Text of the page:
It is obvious from the showing in Fig. 3 that condenser C4 may be omitted and a direct connection made to the b line without interfering with the operation of the system, however, for evident reasons such as undetermined grounded lines in the A. C. system it is best to provide the condenser C4.

It is seen from what has so far been described that with an odd number of rectifiers the D. C.

path may include the A. C. source while for an even number of rectifiers the D. C. path does not include the A. C. source. By following this rule the A. C. is never connected across the load directly and furthermore a filter of the usual condenser first type may be employed.

In Fig. 4. a voltage quadrupler'is shown as comprising four rectifiers R1R4 forming a D ...C. chain with a load L. Since there are an even number of rectifiers the A. C. source cannot be connected in the D. C. chain, hence, the A. C. source is connected across the various rectifiers through condenser branch circuits. It should be noted that the terminal a of the A. C. line is connected directly to the rectifier-load chain at the point P. It is to be understood, however, that connection through a condenser is the better practice for the reasons pointed out previously in connection with the description of condenser C4 of Fig. 3.

In the system of Fig. 4 a filter condenser C may be inserted directly across the load without danger of short circuiting the A. C. source.

In Figure 5 two double space path tubes l and 2 have been substituted for the four rectifiers R1R4 of Fig. 4. The two circuits are otherwise alike except that a well known type or" filter arrangement has been shown interposed between the voltage multiplier and the load. This filter circuit comprises filter capacitiesC and choke 3.

In the various circuits shown I prefer to use electrolytic condensers although other type of condensers may be substituted.

' In the cases where the A. C. source or line is inserted in series with the chain as where an odd number of rectifiers is present it is to be understood that the D. C. passes through the A. C. source. This presupposes a D..C. path through the A. C. lines. If such a path is not present it must of. course be provided by suitable means.

I claim:

1. In a voltage multiplier circuit a source of alternating current, a load circuit, a rectifier assembly comprising an even number of rectifiers, said number being greater than two, said load and rectifiers being connected so as to form a series circuit, means for exciting each of said rectifiers with alternating current comprising capacitive branch circuits for connecting each rectifier across said source of alternating current, said branch circuits being connected with respect to the load so that both ends of the load are, in effect, connected to the same terminal of the alternating current source whereby both ends of the load are maintained at substantially the same alternating current potential with respect to the alternating current source.

2. A voltage multiplier circuit comprising a direct current closed path including an even number of rectifiers greater than two and a load cirrent potential and capacitive paths for connecting each of said rectifiers across the source of alternating current.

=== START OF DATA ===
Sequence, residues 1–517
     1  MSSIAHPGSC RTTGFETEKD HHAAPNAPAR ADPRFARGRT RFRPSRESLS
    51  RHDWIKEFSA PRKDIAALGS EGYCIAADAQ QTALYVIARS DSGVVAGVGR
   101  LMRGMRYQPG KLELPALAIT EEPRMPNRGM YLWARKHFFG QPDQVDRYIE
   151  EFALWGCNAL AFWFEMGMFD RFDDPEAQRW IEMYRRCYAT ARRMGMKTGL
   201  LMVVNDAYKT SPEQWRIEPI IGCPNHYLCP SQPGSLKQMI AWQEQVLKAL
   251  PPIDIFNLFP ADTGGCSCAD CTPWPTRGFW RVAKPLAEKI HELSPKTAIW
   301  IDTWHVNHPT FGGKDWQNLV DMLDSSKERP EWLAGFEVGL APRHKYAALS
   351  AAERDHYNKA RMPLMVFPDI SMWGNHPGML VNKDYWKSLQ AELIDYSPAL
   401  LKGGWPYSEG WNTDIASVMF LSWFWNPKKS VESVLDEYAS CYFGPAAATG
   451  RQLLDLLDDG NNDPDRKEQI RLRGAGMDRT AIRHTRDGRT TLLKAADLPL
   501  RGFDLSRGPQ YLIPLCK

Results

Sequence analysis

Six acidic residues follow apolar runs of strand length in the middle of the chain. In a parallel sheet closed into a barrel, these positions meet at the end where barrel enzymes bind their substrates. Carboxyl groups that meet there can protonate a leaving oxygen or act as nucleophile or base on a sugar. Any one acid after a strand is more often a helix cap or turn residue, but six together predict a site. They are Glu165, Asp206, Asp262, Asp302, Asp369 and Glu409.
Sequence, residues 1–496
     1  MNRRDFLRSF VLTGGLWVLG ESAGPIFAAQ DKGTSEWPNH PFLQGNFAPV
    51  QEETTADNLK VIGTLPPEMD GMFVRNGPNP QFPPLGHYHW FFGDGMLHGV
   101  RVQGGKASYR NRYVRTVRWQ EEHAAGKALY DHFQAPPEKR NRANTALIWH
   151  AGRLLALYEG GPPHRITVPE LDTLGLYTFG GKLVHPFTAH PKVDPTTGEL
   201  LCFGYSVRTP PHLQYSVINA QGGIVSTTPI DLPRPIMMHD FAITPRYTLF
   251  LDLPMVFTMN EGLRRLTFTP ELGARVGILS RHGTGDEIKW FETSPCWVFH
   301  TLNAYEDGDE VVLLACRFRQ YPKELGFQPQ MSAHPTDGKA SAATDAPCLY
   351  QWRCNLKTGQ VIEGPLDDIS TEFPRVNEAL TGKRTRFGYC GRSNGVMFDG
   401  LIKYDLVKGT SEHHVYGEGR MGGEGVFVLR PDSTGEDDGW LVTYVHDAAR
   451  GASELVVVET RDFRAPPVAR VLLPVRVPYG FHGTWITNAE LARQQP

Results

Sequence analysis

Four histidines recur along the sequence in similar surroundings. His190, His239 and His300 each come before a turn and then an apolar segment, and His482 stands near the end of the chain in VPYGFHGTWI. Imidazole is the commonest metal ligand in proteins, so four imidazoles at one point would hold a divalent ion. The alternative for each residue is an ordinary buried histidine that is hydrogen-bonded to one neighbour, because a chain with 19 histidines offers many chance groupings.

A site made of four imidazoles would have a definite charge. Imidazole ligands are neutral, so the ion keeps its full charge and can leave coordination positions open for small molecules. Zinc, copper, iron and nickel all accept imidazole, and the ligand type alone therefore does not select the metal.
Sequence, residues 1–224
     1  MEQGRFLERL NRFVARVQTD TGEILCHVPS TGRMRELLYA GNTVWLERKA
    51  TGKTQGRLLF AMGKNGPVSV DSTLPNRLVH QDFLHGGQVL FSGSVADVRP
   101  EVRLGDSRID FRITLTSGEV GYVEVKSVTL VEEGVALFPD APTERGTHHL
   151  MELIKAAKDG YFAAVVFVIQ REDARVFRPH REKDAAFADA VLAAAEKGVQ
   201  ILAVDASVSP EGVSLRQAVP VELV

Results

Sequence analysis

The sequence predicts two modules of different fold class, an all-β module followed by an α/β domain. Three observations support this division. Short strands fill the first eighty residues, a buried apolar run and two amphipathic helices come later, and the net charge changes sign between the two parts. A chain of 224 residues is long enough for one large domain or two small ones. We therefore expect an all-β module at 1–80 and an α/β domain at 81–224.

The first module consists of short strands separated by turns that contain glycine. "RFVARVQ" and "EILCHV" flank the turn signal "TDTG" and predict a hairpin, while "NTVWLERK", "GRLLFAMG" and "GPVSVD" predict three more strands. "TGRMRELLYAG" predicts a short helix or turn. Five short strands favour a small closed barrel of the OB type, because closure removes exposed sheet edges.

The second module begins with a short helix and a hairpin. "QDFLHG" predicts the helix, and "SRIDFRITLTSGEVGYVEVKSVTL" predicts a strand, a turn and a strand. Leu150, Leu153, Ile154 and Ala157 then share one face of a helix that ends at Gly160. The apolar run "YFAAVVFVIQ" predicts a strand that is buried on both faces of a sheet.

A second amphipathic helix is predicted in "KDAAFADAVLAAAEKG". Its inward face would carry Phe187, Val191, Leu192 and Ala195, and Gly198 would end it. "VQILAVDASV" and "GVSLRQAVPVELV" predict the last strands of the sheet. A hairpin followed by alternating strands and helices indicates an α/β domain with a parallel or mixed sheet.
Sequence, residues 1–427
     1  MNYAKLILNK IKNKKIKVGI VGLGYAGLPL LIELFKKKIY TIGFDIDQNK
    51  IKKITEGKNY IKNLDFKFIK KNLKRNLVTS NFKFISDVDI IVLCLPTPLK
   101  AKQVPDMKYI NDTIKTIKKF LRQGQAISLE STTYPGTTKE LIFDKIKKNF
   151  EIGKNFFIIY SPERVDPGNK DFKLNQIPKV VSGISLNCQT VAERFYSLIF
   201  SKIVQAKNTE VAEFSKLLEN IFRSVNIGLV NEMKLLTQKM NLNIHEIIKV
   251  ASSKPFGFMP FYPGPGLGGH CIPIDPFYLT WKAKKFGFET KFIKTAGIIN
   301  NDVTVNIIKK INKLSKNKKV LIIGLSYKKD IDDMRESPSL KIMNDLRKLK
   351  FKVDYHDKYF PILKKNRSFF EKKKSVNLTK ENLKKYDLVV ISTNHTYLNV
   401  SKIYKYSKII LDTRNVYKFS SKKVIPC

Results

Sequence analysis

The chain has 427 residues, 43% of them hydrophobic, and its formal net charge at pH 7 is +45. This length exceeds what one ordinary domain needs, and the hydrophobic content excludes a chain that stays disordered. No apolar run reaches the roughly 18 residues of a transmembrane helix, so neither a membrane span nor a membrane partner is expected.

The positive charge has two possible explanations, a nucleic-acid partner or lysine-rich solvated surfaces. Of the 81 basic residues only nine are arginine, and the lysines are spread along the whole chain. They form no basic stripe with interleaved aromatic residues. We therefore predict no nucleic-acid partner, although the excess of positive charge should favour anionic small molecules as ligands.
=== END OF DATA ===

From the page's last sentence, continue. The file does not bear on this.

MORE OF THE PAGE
3. In a voltage multiplier circuit adapted to be connected between a source of alternating current and a load circuit, a uni-directional direct current closed circuit comprising an even number of rectifiers greater than two and said source in series, means for connecting each of said rectifiers across said source of alternating current including at least one capacitive element and means for maintaining both ends of said load at the same alternating current potential comprising connections from both ends of the load to only one terminal of the alternating current source.

4. In a voltage multiplier circuit of the type comprising a plurality of rectifiers, the number thereof being an .even number greater than two forming a closed D. C. series circuit including the load, the method of energizing the rectifiers with alternating current which comprises impressing the alternating current across each rectifier separately while maintaining both ends of the load at the same A. C. source voltage.

5. A voltage quadrupler circuit comprising four rectifiers connected in series with a load circuit, said rectifiers and load forming a closed unidirectional direct-current path, a source of alternating current, means for connecting each of said rectifiers across said source, said means including at least one condenser, means for connecting both ends of said load circuit to only one side of said alternating current source, the connection of said source side to each end of the load including at least one condenser, and a filter condenser shunted directly across the load circuit.

6. A circuit arrangement according to claim 5 wherein the rectifiers comprise thermionic paths arranged in pairs, each pair thereof being enclosed within an envelope.

7. In combination, an alternating. current source including two line conductors, a load circuit, a rectifier assembly comprising a plurality of rectifiers connected in series with the load, means for separately exciting each of said rectifiers comprising aplurality of circuits each including at least one capacitive element for connecting each of the rectifiers across the source, the capacitive elements of all of said means being arranged in two sets, the elements in each set being inmultiple, one of said sets .being cone nected to one of said conductors while the other set is connected to the other conductor.